Wednesday, August 17, 2011

7 steps to revive the Nintendo 3DS

When I heard Nintendo was dropping the price of the 3DS so soon after launch, I knew it was in trouble.

Nintendo is no stranger to success. The top five consoles/handhelds include three Nintendo devices. And yet, sluggish sales forced Nintendo to slash prices on its newest offering, the 3-D handheld, the 3DS. You would think the device, which not only offers 3-D viewing without glasses but also offers access to Netflix, video playback, Internet browser and 3-D photography, would be selling like hotcakes. Yet, Nintendo isn't pleased with device's slow sales. The device is a huge step up from the original DS and can even offers backward compatibility. So, what's the problem, Ninny? Why aren't consumers so willing to snap up the device?

I have spent m4d time with the 3DS and have some suggestions for Nintendo to not only improve the device, but reignite sales.

First, the 3DS brings something to the table that other handhelds can't. The ability to see 3-D in the palm of your hand. That ability alone should make it a must-own for any techie. Nintendo, are you listening? Tout the devil out of that feature! Let people know that the device can take pictures in 3-D. Nintendo did a good job of offering 3-D games for the 3DS, but more is needed. And look, ma! No glasses required!

Second, it's a 3-D handheld without a deluge of 3-D content. Nintendo really, really dropped the ball on this one. Netflix offers streaming content for subscribers. Cool. However, a closer look reveals the box art is in 3-D. However, none of the content is in 3-D. Say what?! Nintendo should have had tons of content - free and even paid - that's 3-D. You have a slick 3-D device that can play 3-D content. Make it happen!
The killer deal would have been to partner with Netflix - or a movie-streaming service for exclusive 3-D content.

Third - why are my videos going away?! Nintendo Video is a great service. 3DS owners with wifi can download a grip of 3-D flavored videos. Yet, just as fast as they arrive, they are gone in a flash. Why? I wanted to show my children the trailer to Captain America, only to find out it was replaced with The Smurfs. Um, no. Let the customers pick and choose what videos they want to keep. Personally, I enjoyed the first 3-D video. I loved the Green Lantern video in 3-D. I would love to show the videos off to people, but if I don't download it fast enough, it goes away, forever. Why, Nintendo? Do you NOT want me to show off this handheld?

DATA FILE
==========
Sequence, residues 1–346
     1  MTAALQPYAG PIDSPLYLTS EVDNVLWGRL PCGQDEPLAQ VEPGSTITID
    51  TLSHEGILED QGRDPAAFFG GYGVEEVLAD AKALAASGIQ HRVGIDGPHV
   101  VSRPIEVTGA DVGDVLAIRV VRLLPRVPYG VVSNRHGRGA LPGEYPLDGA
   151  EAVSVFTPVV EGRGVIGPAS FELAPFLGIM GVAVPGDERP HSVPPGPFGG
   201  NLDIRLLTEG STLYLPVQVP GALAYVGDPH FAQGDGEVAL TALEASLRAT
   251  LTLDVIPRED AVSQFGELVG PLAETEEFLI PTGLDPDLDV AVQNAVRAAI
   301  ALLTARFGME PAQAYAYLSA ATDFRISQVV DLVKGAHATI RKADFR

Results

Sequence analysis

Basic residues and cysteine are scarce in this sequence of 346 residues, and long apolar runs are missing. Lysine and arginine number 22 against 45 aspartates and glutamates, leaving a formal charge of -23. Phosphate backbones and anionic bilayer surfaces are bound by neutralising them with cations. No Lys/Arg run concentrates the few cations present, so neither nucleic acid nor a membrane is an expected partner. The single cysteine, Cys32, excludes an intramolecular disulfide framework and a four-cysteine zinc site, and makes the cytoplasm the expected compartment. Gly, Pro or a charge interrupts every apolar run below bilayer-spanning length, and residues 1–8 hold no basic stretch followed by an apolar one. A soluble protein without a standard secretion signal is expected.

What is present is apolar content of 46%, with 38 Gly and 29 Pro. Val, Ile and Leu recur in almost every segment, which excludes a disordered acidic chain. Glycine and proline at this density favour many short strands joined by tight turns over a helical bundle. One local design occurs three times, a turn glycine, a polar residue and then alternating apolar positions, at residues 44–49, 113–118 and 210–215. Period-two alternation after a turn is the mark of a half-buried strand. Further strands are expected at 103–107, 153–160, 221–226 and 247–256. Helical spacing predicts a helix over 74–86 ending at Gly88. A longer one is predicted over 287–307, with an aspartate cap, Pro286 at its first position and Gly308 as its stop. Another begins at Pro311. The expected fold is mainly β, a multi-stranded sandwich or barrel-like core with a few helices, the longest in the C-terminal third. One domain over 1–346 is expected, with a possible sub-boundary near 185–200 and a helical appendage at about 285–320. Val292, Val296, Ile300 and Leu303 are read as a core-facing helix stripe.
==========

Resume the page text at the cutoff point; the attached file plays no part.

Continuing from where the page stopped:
Fourth - where are the games? You released an updated version of the best selling handheld ever - and you are already taking water. What Nintendo should do is push the fact that you can play old DS games on the updated system. Granted, they won't be in 3-D, but it will give customers a legit reason to upgrade. The display is brighter, sharper and is easily worth $249.

Fifth, the 3DS is well worth $249 and change. Give customers a reason to buy it. Nintendo released a device that was ready to set the world on fire. Yet, people are standoffish, the sluggish economy and unemployment took a toll on sales, right? WRONG. The $249 was a one-time purchase. If Nintendo gave people more 3-D content than we knew what to do with, people on unemployment would flock to buy the 3DS. Video game sales overall aren't bad considering the economic crisis this country, this world is facing. Gaming offers an escape from harsh reality.

Sixth, stay true to what made the DS the handheld of handhelds. The DS wasn't a powerhouse - didn't offer an Internet browswer and the display wasn't HD. Yet, the little DS whipped the snot over the clearly superior Sony PSP. Now, Nintendo's 3DS is on the scene and could have kept the success cycle going but hasn't. Look at what made the DS a must-own device. It was small, fun and had killer games. Nintendo needs to revisit the past and focus on what made the DS the 'It' toy.

And finally, emphasize Streetpass. This feature has so much promise. You can share games, content with other users, making your experience a truly community one. You could walk into a crowd, find another person with a 3DS and swap data. Tell me that's not cool. Jack the Xbox slogan - "it's good fun to play together."

There are many other flaws the 3DS has, but it has so much potential. Nintendo, I hope you are listening. You have a gem on your hands - don't sell yourself short with it.

-- Ski11z

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